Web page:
Creating a collaborative, integrated learning analytics service fit for the sector

John Henry Brookes Building, Oxford Brookes University — © Niall Sclater — CCBY

Universities and colleges wishing to maximise student success and raise achievement of all students — including those from non-traditional backgrounds — should consider adoptinglearning analytics, as recommended by the Higher Education Commission in its recent report ‘From Bricks to Clicks’.

Whilst this is a relatively new area, a growing number of potential learning analytics solutions are available. It’s becoming an increasingly competitive and innovative marketplace, as captured in a recent Jisc review into the current state of play in the UK.

Choosing a system

Investing in the right digital solution can be challenging for universities and colleges at the best of times, but more so in the early stages of a new digital solution marketplace, where price points are less-well established and the risk of vendor lock-in is higher.

Key to making the right choice is being clear on the particular educational goals your solution is intended to address. For example, some organisations may wish to focus on completion rates and student retention, others on improving academic achievement in a particular domain (such as firsts and 2:1 borderlines), and others on yielding data to shape and enhance the content of the digitally-enriched curriculum.

Bigger picture

While such individual, tailored approaches are entirely appropriate for a sector that values diversity and institutional autonomy, as well as a growing educational marketplace, there is a risk that the broader benefits of a joined-up approach may not be realised.

Such joined-up benefits for universities and colleges might include: economies of scale; better understanding of solution pricing; mitigation against lock-in; ability to benchmark against peers; general ‘de-risking’; and for vendors: reduced cost of sales; and lower barriers to innovation.

Is there some way we can get the best of both worlds in the UK, balancing both individual and joined-up approaches? And that benefits universities, colleges and vendors — a genuine win-win? At Jisc, we think there is…

Solution architecture and framework for the sector

Ever since it was highlighted in our co-design process as a priority area by our members, we at Jisc have been seeking to ‘make the market’ for UK learning analytics, by working with universities, colleges, and leading vendors, to define and implement a national open architecture for learning analytics.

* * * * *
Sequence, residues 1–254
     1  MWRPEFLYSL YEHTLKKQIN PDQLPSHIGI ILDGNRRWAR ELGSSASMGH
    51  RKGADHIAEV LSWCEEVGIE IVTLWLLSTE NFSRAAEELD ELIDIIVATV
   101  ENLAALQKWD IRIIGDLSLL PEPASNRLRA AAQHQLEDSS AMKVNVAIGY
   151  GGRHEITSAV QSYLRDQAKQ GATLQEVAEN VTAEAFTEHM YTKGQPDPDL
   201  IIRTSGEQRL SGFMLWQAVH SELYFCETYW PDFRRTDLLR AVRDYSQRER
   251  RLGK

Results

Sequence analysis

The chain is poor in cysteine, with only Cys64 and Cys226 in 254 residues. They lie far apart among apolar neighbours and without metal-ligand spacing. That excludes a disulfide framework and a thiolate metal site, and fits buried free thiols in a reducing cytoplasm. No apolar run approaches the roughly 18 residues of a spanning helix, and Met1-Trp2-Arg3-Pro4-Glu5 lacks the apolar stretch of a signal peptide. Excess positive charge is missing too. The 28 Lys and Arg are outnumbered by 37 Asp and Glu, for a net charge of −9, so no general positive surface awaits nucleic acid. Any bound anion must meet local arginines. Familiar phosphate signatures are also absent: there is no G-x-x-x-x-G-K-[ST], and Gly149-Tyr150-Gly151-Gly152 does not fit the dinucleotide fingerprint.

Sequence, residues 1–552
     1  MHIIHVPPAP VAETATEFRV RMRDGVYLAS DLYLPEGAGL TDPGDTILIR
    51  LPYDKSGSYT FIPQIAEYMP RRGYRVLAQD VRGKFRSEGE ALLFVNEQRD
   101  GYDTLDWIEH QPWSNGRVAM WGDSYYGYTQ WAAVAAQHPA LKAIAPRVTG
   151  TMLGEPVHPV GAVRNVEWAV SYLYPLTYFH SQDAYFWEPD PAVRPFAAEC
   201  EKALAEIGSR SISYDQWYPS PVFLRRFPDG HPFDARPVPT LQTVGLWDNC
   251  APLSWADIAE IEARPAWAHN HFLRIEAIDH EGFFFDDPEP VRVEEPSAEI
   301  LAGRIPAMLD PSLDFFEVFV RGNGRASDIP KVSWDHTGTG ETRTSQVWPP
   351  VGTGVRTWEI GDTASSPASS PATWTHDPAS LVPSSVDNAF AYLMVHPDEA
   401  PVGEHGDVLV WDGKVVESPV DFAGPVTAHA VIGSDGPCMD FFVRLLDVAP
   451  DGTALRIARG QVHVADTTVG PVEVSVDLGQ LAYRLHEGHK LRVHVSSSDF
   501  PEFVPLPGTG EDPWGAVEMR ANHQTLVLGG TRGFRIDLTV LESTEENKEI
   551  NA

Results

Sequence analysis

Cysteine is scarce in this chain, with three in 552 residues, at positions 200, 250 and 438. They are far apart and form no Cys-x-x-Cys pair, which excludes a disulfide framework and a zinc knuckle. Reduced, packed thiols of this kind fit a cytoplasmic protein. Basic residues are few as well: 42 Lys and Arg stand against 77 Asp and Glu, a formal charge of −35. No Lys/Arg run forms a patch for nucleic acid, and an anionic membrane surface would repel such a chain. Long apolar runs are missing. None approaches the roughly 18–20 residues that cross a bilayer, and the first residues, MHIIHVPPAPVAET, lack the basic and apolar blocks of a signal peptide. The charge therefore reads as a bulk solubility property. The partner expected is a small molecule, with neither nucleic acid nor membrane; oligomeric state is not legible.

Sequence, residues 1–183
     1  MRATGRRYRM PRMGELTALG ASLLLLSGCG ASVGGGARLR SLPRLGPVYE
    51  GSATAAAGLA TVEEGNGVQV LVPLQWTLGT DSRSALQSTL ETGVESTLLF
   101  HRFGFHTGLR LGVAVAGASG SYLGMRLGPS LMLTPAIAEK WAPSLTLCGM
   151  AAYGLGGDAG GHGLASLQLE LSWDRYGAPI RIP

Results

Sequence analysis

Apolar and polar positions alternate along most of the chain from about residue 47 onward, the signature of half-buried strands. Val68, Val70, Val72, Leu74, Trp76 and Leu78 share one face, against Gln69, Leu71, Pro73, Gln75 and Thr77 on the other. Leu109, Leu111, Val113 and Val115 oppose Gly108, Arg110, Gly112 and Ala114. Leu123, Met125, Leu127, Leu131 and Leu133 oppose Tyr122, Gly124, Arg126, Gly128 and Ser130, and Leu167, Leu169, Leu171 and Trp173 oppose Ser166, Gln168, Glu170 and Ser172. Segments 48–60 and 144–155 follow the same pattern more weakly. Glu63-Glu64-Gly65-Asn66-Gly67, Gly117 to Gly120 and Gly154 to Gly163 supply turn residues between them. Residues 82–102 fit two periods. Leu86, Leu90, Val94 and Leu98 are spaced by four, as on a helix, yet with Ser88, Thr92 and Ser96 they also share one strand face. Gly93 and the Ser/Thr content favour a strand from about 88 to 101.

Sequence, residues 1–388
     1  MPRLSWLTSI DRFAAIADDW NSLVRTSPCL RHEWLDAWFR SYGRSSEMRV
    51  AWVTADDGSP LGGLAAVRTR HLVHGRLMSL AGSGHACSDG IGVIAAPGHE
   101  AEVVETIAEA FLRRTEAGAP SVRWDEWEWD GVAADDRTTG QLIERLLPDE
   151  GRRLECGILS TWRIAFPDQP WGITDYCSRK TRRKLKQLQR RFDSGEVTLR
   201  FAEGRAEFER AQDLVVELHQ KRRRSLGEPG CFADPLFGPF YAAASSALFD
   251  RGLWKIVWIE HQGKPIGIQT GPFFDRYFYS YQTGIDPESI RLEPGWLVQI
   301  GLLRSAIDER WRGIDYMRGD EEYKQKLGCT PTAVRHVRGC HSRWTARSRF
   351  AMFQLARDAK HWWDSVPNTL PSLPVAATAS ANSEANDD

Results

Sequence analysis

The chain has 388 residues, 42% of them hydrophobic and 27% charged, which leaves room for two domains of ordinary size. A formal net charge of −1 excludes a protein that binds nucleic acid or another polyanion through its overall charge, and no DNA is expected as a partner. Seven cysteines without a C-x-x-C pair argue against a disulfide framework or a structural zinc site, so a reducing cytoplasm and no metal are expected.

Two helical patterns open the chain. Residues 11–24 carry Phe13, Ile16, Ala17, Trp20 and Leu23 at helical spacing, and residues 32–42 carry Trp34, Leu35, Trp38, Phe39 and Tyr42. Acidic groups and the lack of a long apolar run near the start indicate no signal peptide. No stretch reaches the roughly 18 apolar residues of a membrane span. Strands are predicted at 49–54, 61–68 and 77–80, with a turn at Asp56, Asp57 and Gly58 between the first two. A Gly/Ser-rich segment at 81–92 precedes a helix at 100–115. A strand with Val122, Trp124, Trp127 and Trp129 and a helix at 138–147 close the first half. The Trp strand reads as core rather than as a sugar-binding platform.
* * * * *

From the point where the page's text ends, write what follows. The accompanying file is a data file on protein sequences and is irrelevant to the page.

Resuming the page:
At the centre of this architecture is a secure, shared, cloud-based multi-tenanted learning analytics data warehouse, which aggregates two main data types from local learning-related information systems:

  • A ‘small data set’ of canonical student record data via a new universal data model, eg student’s course, modules, grades, etc.
  • A ‘big data set’ of detailed student digital activity, eg from virtual learning environments (VLEs) like Moodle or Blackboard, interactions with library systems, and self-declared data via a student app, all translated and stored in a format called xAPI

Where we are now

Right now we have a beta-stage national learning analytics service, which we’ll be piloting with 50 organisations over the coming year and that we believe is globally unique.

By mining aggregated data in the national warehouse (and with the strict permission of data owners in all cases), we aim to create new canonical metrics that, for the first time, will allow meaningful comparison of analytic patterns in student engagement and other proxy measures for teaching quality.

Alongside, via openly-defined APIs, vendors are able to securely interface their analytic dashboard and predictive tools to sections of the national warehouse, seamlessly providing the tailored services that individual universities and colleges require in pursuance of their own distinct missions and organisational goals.

Working with the vendor community

Via an initial open European tender process, we selected the first wave of suppliers to work with us to create this new architecture: Blackboard, HT2, Marist College, Therapy Box,Tribal and Unicon.

Now, we want to open up our architecture more widely, to any vendor who wishes to collaborate and engage. We recently hosted a vendor event, where over 30 analytics product vendors met the Jisc team, and learnt how they could get involved.

Civitas Learning is one of a number of additional vendors now working closely with us as a result of the event. A leading analytics organisation in the US, Civitas has experience in using advanced analytics, machine learning and data science, through a vendor and solution-agnostic platform that’s integrated with more than 93% of VLEs and 85% of student information systems. It produces multiple institution-specific models, building approximately 30 predictive models per institution to more precisely leverage learning analytics. In the UK Civitas Learning’s work now spans post-1992 universities to Russell Group institutions, and its network currently includes more than 285 institutions campuses reaching more than 6.5 million students across the world.

Get involved

If you’re a vendor who like to get involved please contact Michael Webb, our director of technology and analytics.

Colleges and universities hoping to find out more about learning analytics should speak to their Jisc account managers.